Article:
Lastly, in March 2015, the Guinean Ministry of Security and Civil Protection decided to deploy the civil protection units in support of Red Cross personnel. They played a major role as the authorities worked to eradicate the epidemic. Their exemplary rigour and availability were commended by Ebola response coordinators.
The work of organizing, convincing and implementing to enable the civil protection units to work and be operational was a great professional satisfaction, as was the sentiment of having made my own contribution to resolving the health crisis was another. Above and beyond, I am proud to have helped Guineans save other Guineans. In my view, that is the ultimate goal of the Ministry of Foreign Affairs and International Development’s structural cooperation.
Guinea-Conakry: civil protection services prepare post-Ebola action, supported by French cooperation
From 6 to 13 September 2015, a team of 5 UIISC 1 (Civil Security Instruction and Intervention Unit) trainers instructed 100 civil protection unit personnel in treating and transporting people with infectious diseases, in Kafiliya, 140 km from Conakry.
This mission was organized in the framework of the PREPARE project, supported by France and the European Union, which involves establishing regional epidemic alert and response teams (ERARE) in each of Guinea’s eight administrative regions (including Conakry). The aim is to put in place rapid detection of the development of infectious diseases before they reach epidemic levels. To support this project, the Guinean Directorate-General for Civil Protection decided, with the assistance of France’s Civil Security and Crisis Management Division (DGSCGC / Ministry of the Interior) and Security and Defence Cooperation Directorate (DCSD / Ministry of Foreign Affairs and International Development), to put in place eight teams of 10 people, each team being equipped with a vehicle so as to be able to collect any person showing symptoms of infectious disease and take them to a health care centre, wherever they are in the country.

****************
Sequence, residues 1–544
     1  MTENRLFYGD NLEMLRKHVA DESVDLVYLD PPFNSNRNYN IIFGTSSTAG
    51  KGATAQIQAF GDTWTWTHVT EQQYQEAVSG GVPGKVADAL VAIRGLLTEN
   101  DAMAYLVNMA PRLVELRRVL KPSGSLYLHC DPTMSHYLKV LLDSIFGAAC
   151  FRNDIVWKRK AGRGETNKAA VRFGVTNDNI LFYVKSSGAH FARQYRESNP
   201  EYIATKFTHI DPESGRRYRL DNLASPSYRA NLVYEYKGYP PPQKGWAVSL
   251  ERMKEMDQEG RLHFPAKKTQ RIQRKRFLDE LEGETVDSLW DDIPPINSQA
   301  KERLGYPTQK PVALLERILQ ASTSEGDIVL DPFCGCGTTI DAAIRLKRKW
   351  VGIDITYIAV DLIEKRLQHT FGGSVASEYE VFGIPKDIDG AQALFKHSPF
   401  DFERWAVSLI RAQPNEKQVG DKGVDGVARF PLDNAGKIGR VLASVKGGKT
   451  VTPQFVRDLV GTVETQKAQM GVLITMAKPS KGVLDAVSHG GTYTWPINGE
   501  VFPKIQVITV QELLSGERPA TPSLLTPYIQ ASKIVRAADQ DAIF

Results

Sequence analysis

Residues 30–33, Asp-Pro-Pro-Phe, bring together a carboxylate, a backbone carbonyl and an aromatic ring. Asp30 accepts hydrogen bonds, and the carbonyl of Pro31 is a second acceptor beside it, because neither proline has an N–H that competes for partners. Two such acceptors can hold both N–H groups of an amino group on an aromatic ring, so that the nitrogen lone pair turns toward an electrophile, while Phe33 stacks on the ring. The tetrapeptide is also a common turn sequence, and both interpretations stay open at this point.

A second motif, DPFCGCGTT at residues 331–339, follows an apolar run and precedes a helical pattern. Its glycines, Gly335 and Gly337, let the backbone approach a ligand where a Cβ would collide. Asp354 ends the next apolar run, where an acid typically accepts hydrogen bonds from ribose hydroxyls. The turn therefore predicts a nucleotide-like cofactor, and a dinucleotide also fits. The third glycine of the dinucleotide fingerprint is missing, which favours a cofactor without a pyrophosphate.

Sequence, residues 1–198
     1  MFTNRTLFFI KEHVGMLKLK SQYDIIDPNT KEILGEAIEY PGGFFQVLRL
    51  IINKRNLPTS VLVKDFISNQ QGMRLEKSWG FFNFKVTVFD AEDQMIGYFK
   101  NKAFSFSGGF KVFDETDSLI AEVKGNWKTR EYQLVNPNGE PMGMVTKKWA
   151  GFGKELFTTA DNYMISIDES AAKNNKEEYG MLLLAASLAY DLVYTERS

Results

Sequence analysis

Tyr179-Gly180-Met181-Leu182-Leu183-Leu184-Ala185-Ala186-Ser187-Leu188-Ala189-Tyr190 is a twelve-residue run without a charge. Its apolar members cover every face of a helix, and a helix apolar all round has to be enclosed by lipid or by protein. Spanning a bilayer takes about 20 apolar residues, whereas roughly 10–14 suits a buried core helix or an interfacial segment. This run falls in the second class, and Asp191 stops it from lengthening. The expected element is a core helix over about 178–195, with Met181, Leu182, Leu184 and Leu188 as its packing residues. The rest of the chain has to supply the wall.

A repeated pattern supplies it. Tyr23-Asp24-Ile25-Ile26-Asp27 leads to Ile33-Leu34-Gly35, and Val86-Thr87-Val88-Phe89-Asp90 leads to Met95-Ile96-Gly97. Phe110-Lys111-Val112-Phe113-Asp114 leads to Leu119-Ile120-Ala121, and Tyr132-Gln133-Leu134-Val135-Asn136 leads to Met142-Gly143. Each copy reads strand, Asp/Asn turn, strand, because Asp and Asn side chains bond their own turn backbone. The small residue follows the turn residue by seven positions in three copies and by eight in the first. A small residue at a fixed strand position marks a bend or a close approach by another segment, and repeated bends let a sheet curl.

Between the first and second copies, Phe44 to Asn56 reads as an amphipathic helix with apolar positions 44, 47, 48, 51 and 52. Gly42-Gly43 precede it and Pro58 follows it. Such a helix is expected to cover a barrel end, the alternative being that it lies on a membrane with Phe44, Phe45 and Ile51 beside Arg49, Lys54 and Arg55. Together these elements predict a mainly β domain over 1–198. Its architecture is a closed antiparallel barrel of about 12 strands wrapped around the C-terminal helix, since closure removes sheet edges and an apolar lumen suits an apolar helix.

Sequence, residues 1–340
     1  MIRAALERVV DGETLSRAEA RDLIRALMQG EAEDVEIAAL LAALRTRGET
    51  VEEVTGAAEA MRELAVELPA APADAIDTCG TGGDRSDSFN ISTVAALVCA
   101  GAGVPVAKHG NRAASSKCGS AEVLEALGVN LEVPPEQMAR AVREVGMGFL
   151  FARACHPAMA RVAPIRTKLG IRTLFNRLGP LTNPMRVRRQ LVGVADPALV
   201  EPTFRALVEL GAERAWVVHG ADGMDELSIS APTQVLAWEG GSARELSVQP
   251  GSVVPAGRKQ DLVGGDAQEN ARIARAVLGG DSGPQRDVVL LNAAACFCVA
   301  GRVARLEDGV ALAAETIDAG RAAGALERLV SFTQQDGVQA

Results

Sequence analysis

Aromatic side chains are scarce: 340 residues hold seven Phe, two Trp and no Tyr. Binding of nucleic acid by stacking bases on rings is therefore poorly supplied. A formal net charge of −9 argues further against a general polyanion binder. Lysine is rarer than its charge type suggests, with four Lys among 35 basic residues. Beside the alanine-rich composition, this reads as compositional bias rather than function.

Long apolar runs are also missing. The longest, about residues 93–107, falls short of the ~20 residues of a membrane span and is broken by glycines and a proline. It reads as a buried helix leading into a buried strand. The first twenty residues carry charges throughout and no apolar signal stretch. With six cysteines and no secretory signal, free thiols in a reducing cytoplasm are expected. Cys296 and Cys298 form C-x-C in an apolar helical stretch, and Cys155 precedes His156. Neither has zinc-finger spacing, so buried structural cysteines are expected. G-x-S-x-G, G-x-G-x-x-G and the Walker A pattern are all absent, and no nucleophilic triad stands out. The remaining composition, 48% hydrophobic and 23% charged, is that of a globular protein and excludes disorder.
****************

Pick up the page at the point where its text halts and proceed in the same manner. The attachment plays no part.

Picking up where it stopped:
The project thus combines operational and structural aspects in an interministerial framework.
16 staff had already been trained in early September by Paris fire brigade (BSPP) specialists in driving the Unimog trucks that will be used for patient transport. They joined the rest of the civil protection unit staff who had just been formed in handling contagious patients by specialists from UIISC 1 (Civil Security Instruction and Intervention Unit 1).
This mission is a very clear part of a “post-Ebola” vision (although the epidemic remains present in Guinea-Conakry) from the Guinean authorities, so that the country can hold the means to respond rapidly in the event of any sort of epidemic; these means were lacking in Guinea when the Ebola epidemic broke out in 2014. It is financed by the Ebola Task Force of the French Ministry of Foreign Affairs and International Development, and financially implemented by Expertise France.
UIISC 1 is particularly involved in this project, as it had already formed the 200 civil protection unit staff between October and December 2014.